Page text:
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3 June 2008June 3, 2008

The Doha Development Round and agricultural trade

Economic Note on the world food crisis.

The Doha Development Round and agricultural trade

It may sound counterintuitive, since countries tend to isolate themselves during difficult times, but the challenge of the current food crisis invites all nations to agree collectively to policies that promote trade. The protectionist policies of developed countries and the distorted trade rules they lead to in agriculture are the fundamental factors that prevent the adjustments in worldwide food production and distribution needed to meet increased demand from emerging countries. A freer trade environment would allow more flexibility and innovation in order to adapt to market conditions, as in any other sector or industry.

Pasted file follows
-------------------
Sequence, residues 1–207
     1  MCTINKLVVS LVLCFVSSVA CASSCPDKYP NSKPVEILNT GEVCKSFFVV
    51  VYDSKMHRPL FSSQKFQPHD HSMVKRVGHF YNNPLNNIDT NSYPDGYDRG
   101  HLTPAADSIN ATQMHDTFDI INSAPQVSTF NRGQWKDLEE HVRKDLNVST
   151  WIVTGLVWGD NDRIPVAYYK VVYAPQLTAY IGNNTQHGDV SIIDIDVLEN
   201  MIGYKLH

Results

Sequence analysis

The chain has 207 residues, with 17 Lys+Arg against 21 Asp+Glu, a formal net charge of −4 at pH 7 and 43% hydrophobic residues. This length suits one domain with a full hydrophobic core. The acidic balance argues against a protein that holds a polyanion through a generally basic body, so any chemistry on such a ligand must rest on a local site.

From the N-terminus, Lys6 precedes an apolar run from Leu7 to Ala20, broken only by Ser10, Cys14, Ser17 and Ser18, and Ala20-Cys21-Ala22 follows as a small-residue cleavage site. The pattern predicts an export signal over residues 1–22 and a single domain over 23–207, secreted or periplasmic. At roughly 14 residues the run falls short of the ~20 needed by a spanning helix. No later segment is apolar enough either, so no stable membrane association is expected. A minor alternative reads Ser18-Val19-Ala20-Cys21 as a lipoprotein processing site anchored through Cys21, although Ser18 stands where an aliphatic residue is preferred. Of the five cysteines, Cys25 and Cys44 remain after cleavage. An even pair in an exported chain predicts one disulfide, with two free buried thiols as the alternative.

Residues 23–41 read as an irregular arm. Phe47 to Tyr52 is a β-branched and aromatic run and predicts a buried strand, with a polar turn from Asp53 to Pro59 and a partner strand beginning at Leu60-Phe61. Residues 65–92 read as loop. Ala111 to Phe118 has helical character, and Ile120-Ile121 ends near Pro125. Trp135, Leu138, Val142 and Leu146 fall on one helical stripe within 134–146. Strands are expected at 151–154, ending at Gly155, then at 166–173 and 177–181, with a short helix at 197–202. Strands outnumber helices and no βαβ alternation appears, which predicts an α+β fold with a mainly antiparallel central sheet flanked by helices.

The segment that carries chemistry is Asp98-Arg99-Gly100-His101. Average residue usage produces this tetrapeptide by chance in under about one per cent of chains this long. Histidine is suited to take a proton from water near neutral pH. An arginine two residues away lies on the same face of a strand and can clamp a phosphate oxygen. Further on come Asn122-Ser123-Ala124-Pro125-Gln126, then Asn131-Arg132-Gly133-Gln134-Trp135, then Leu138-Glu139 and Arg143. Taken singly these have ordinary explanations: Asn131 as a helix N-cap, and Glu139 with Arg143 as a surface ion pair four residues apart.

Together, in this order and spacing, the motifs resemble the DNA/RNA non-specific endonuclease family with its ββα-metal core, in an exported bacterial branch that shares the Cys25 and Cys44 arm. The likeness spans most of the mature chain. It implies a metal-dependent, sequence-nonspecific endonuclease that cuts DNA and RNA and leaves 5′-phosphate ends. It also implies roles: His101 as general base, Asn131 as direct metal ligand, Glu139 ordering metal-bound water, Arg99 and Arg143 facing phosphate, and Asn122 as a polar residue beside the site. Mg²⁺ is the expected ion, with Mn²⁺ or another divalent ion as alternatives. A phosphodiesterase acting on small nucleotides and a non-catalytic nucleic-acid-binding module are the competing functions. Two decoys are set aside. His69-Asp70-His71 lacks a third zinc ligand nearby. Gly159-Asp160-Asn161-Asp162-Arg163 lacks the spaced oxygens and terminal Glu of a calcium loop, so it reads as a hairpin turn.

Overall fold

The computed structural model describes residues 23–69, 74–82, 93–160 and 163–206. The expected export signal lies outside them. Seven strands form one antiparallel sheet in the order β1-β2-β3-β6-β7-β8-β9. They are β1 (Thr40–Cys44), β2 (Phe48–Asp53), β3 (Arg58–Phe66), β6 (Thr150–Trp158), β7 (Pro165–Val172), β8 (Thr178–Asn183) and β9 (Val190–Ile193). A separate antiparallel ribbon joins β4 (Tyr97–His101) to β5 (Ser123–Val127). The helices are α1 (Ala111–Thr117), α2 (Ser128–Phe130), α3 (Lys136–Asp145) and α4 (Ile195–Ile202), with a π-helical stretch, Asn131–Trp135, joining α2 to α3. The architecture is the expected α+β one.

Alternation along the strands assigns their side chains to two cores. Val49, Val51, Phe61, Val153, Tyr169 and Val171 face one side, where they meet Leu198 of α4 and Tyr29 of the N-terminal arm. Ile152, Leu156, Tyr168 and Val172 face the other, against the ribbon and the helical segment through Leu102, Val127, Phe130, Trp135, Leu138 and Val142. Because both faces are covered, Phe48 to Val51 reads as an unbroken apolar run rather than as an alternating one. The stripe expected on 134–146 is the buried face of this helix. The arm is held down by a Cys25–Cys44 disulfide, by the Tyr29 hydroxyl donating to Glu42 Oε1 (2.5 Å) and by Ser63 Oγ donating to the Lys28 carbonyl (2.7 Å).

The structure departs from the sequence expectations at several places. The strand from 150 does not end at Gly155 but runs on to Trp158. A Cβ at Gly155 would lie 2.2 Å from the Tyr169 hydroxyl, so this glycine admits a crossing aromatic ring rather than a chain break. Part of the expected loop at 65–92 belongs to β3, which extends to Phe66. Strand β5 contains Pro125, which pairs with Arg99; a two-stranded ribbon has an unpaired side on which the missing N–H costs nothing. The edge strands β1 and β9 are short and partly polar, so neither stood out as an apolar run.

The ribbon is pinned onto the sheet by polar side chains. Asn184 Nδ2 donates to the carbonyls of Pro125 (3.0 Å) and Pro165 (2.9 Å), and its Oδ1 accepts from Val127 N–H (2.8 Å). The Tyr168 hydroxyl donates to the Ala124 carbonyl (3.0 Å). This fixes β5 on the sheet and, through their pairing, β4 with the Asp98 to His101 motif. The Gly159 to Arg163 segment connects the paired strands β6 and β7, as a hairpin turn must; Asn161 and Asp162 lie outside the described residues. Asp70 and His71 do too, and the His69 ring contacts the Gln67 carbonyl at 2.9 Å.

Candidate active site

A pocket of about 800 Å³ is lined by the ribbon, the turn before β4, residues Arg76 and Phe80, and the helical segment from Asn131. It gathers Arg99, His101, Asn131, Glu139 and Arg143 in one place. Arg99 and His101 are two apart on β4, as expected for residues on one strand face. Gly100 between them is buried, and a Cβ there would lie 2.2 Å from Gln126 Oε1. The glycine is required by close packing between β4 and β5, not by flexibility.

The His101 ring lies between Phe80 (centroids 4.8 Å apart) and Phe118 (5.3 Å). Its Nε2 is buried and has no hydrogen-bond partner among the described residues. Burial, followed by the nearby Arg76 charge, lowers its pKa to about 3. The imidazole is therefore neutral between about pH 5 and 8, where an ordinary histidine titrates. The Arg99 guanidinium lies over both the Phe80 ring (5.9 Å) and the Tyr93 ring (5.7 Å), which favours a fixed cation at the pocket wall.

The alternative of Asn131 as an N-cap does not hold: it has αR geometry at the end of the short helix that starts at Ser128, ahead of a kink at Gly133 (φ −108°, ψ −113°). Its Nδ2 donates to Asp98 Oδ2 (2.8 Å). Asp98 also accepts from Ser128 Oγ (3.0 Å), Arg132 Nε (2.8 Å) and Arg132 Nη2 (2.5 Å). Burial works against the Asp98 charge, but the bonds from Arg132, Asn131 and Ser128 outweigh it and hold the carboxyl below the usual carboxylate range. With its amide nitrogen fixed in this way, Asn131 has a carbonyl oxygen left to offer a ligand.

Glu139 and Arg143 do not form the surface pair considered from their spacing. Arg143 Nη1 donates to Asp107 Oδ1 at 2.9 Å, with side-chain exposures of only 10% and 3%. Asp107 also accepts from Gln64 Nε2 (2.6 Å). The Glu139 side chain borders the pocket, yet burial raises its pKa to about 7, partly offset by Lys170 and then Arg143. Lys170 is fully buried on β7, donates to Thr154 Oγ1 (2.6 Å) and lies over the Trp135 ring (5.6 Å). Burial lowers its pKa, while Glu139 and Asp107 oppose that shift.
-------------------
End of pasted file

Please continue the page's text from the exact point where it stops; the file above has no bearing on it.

Links of interest

Media Release:
FAO conference: Canada must revise its supply management programs

It may sound counterintuitive, since countries tend to isolate themselves during difficult times, but the challenge of the current food crisis invites all nations to agree collectively to policies that promote trade. The protectionist policies of developed countries and the distorted trade rules they lead to in agriculture are the fundamental factors that prevent the adjustments in worldwide food production and distribution needed to meet increased demand from emerging countries. A freer trade environment would allow more flexibility and innovation in order to adapt to market conditions, as in any other sector or industry.


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